Historical Foundations of Cognitive Science

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J.C. Smith
Springer Netherlands, Jan 31, 1990 - Philosophy - 306 pages
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My interest in gathering together a collection of this sort was generated by a fortuitous combination of historical studies under Professor Keith Lehrer and studies in cognitive science under Professor R. Michael Harnish at the University of Arizona. Work on the volume began there while I was an instructor in the Department of Linguistics and was greatly encouraged by participants in the Faculty Seminar on Cognitive Science chaired by Professor Lance J. Rips. I wish to express my appreciation to all of these and to many other individuals with whom I discussed the possibility of contribution to this work. I am especially grateful to the authors of the essays included here, as they showed more patience than I could have hoped for in seeing me through a number of uncertain stages in development of the project. My thanks are also due to my colleague Charles Reid for assistance in reviewing submissions, to Tim McFadden for computer resources, and again, to Keith Lehrer for continuing advice in arrangements for publication. Financial support for manuscript preparation was provided in part under University Research Grant No. 617 from the University Research Council, Youngstown State University.

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About the author (1990)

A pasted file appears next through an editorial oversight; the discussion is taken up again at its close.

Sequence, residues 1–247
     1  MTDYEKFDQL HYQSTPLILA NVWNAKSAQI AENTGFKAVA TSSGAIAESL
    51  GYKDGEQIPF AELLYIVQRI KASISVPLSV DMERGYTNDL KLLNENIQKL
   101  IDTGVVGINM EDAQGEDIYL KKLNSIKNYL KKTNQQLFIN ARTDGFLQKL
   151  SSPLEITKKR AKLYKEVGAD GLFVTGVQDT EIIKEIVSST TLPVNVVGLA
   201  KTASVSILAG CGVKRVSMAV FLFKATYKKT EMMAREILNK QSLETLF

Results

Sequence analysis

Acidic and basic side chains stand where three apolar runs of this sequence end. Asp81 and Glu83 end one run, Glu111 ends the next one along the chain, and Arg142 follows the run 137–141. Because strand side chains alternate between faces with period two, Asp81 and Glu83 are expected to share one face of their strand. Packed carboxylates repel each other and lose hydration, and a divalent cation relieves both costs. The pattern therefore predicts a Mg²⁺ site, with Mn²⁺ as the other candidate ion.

JC Smith graduated with a BS from the University of California at Berkeley where he experienced the Free Speech Movement. He later received his MA in the Sociology of Sport while coaching at Rutgers University, and he attained his DC degree from Life Chiropractic College, graduating with honors. Although his educational background had a strong foundation, it would not prepare him from the battles he encountered in the medical war against chiropractors he has experienced over his 33-year career. Dr. Smith realized the role of a chiropractor was clouded by innuendo, boldface slander, and prejudice stemming from the medical profession. As a man who was always on top of the heap as an outstanding student, an All-American athlete in college, and an adventurer rafting the great white-water rivers of the wild West, his encounter with the medical bias left him frustrated. Compounding this medical discrimination was the trail of failed back surgery victims who came seeking his help. Time and time again he realized these patients had been misdiagnosed, mistreated, and misinformed when simple yet effective chiropractic care solved their misery. Instead, when patients ask if chiropractic might help, they were often told not to do so because it might paralyze them, which is complete nonsense but effective to scare patients into spine surgery. This first-hand view of the collateral damage of the medical war prompted him to expose this tragedy to the public-a story any veteran chiropractor could tell. This task became a labor of love as he piled through the volumes of research on spine care that began as far back as the early 1990s showing the misguided disc theory that has led to an epidemic of back pain and failed surgery. Moreover, the history of this war between the AMA and chiropractic was a part of American history never before revealed to the public. In fact, the medical bigotry toward chiropractic can be traced back to one man, Morris Fishbein, who headed the AMA for a quarter of a century. Not only did Fishbein soil the chiropractors' reputation with propaganda, he also laid the foundation of antitrust activity that led to a federal court trial that began in 1976 and ended in 1990. As a writer and as a chiropractor, JC Smith gives the reader a first-hand account of the experiences only a chiropractor can tell-the untold story of chiropractic from persecution to vindication.